New Jersey couples who are interested in divorce legal issues may wish to know more about alimony. Without this information, spouses may have difficulty understanding how their taxes may be affected by these payments.
When attempting to understand these tax implications, it is vitally important to understand what is and is not alimony. There are a number of payments made from one ex-spouse to another that would not qualify as alimony. For instance, child support is never counted as alimony. When a payee is responsible for both alimony and child support and fails to make the full payment, that money is allocated to the child support first. The rest is then counted as alimony.
Other types of payments are also not counted as alimony. When payments are made as part of the ex-spouse’s income from community property or settlements are made in property, rather than cash, these are not alimony. Neither are any payments made to the ex-spouse voluntarily.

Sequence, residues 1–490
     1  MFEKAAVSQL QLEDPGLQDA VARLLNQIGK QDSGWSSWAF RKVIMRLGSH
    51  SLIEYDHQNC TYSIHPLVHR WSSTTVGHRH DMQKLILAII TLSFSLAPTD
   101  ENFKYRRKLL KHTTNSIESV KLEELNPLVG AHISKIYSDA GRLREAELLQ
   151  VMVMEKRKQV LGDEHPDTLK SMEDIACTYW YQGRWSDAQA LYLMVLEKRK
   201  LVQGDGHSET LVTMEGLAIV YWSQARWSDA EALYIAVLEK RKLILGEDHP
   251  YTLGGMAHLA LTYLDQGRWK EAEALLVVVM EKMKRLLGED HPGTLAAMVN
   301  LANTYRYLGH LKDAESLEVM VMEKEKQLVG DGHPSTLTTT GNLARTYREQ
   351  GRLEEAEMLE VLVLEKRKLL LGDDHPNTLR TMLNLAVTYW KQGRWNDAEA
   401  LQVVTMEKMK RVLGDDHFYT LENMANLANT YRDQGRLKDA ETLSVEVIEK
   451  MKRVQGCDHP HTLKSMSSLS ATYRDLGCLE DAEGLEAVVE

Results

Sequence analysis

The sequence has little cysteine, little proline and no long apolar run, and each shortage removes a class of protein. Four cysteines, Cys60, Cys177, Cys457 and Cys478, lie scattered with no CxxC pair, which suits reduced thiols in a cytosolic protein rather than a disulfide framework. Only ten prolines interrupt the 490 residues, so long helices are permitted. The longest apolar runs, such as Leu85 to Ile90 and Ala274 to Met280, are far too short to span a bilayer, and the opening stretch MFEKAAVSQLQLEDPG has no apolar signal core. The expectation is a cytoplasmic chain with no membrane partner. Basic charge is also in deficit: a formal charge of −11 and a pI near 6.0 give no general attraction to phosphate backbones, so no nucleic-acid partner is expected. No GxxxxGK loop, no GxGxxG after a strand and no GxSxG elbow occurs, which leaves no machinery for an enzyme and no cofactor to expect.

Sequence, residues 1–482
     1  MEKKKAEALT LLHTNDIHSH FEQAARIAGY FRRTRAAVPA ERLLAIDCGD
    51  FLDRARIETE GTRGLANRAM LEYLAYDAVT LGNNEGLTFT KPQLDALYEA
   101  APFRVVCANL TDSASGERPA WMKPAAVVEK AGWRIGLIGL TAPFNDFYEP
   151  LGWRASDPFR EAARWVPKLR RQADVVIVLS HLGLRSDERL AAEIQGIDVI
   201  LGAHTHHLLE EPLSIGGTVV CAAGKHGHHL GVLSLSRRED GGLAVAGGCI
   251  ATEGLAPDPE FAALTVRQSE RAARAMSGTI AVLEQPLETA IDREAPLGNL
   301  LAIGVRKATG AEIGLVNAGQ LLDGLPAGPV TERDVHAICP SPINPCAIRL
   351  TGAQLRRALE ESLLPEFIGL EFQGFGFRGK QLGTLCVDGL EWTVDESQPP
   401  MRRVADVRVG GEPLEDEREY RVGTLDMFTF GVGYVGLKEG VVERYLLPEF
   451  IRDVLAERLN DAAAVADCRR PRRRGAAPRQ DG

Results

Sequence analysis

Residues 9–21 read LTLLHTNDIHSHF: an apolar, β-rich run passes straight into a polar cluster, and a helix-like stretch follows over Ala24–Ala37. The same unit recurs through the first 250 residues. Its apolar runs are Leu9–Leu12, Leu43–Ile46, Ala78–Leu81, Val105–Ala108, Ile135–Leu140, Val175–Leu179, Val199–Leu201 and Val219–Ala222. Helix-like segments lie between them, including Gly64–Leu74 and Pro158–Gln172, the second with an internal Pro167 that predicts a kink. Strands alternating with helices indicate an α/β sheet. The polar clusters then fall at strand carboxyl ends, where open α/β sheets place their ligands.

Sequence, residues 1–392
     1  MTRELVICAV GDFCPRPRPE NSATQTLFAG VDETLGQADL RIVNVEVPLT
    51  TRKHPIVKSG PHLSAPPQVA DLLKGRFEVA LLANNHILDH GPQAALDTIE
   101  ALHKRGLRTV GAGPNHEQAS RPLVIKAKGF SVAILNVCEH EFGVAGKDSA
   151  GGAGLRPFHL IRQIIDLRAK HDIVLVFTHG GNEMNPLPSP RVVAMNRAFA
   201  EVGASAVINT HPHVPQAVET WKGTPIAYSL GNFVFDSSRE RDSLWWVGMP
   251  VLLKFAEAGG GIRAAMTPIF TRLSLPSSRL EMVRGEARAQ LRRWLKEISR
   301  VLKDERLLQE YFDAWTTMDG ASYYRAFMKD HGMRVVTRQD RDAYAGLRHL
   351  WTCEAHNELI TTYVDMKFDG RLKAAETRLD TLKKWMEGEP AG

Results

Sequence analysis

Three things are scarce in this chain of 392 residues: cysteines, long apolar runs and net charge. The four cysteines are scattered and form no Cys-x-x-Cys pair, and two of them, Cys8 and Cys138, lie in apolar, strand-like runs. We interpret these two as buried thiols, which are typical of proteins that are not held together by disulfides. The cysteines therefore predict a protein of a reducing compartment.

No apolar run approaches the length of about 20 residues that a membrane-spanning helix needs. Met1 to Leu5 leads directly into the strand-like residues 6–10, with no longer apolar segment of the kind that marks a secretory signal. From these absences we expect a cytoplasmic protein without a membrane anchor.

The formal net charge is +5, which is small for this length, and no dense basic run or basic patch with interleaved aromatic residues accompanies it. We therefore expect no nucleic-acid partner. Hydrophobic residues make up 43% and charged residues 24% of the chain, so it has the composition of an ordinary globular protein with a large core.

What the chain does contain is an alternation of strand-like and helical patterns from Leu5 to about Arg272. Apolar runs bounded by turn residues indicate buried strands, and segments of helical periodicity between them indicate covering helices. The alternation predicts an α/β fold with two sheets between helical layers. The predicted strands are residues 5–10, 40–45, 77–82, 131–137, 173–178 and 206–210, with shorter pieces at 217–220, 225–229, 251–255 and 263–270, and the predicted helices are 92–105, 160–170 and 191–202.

On the other hand, payments made in cash that are mandated by a divorce or separation agreement may be counted as alimony. The agreement itself cannot specify that the payments will not be considered alimony, however, and the former spouses cannot be living together when the payment is made. These alimony payments may be deducted from the payee’s taxable income. The ex-spouse receiving the payment must then claim those payments as income on their own tax return. When alimony is involved, the two former spouses must use the IRS’s 1040 form instead of the 1040EZ or other tax return forms.
Understanding all of the implications of alimony and other divorce issues can be difficult without the guidance of an attorney. The attorney may be helpful in representing the client throughout the divorce process, including any hearings in front of a judge.